Vaishali Nigam Sinha, Director of Sustainable Development, ReNew Power, one of India’s leading renewable energy companies, joined Patrick Chalhoub, CEO, Chalhoub Group, and Emmeline Hambali, Group Managing Director, Dynapack Asia, Indonesia, at the opening session titled “SDG Ambition: Accelerate Business Action”.

Vaishali Nigam Sinha, also president of the ReNew Foundation, said: “It’s the availability of capital and the commitment of investors that helps us accelerate and scale up what we do – that’s the good news and I think we should all recognize that […] Whether it’s smog, the total transition to clean energy [or] engaging communities, all of these issues require a few critical elements – one of them is investment. i can’t highlight [enough] the importance of ensuring that the funds [are] flow through […] We have set huge targets for renewable energy in India and we have also seen a large flow of investment into the country. It really drives the commitment and ambition in the sector… The government provides the policy direction and framework, but we actually do it on the ground. And if we don’t, change won’t happen.”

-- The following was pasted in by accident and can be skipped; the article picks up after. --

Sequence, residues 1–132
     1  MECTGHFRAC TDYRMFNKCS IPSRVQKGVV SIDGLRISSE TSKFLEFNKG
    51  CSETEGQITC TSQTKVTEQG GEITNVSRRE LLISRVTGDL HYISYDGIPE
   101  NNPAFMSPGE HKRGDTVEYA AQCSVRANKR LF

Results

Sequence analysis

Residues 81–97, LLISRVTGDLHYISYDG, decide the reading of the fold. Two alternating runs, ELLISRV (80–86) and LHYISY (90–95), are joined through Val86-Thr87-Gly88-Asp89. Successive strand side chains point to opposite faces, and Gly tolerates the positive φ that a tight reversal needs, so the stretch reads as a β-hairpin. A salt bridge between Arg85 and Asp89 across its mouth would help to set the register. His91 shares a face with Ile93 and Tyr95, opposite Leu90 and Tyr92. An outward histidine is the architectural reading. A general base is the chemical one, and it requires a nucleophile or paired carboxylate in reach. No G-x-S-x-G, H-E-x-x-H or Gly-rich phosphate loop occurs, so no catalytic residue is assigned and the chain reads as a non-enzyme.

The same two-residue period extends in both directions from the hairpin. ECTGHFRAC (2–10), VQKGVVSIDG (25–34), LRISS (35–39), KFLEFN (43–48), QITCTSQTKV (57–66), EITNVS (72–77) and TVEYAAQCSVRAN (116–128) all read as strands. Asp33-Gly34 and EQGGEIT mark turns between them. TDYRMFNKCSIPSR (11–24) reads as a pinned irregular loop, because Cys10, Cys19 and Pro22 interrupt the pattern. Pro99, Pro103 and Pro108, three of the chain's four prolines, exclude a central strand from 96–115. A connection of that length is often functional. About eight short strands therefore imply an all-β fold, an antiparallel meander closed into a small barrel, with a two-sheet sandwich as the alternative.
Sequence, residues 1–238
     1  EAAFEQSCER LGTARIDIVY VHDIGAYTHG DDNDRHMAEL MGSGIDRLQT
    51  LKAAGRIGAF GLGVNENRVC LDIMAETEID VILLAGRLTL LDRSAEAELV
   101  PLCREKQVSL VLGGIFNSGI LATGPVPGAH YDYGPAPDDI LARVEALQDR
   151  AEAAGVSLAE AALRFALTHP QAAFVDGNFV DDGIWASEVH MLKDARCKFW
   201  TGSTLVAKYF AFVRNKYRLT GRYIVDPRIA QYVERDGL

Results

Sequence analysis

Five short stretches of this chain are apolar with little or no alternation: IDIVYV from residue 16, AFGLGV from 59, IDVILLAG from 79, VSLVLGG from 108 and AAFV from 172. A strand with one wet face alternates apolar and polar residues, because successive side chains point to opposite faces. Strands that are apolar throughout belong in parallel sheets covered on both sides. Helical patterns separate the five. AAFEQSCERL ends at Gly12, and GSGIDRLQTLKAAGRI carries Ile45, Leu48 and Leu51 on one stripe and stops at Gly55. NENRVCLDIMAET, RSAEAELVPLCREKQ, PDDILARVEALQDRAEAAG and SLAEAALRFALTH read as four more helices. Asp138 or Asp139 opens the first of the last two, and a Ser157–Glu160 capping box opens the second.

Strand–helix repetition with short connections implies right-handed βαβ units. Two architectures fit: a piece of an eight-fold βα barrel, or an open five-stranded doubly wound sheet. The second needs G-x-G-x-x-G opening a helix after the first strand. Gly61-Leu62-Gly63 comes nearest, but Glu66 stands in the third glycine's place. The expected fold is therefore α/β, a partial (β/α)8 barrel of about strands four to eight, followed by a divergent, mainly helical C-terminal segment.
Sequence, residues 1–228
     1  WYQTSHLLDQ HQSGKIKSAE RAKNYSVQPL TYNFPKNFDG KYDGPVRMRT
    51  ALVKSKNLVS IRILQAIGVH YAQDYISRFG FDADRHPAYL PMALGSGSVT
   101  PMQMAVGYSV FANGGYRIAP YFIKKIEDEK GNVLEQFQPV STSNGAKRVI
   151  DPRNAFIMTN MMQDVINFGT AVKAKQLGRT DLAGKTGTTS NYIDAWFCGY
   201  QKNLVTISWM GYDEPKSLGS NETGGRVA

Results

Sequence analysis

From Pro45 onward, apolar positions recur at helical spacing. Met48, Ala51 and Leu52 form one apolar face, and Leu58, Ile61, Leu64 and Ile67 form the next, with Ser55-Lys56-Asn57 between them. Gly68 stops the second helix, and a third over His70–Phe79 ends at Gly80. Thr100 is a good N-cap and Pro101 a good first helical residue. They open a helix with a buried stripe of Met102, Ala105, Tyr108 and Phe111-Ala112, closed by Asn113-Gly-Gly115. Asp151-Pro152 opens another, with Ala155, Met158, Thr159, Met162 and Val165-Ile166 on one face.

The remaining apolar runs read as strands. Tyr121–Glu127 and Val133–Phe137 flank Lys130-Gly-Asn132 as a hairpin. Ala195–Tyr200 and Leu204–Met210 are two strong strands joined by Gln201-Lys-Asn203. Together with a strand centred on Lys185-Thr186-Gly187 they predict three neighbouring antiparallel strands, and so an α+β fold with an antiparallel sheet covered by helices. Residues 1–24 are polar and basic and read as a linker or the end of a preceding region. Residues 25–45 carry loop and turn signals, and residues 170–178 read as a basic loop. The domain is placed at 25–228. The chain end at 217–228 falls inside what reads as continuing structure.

Financing remained a central theme as the forum progressed, with the session “Financing the 2030 Agenda” – moderated by Marie Morice, Head of Sustainable Finance, UN Global Compact – address investment instruments aligned with the SDGs and environmental, social and governance (ESG) strategies that contribute to the achievement of the SDGs.

Panelist Zahara Malik, Co-Founder and CEO, Grosvenor Capital, who noted an increased emphasis on the ‘S’ in ESG, in light of the pandemic, said: “Right now, from businesses to individuals, we’re very focused on ‘the human’… so, a bright spot in terms of a shift in trends and what we’re seeing is the dynamism of the social element of ESG.”

Responsible financing and the growing ESG reporting pressures on companies became central themes as the dialogue progressed.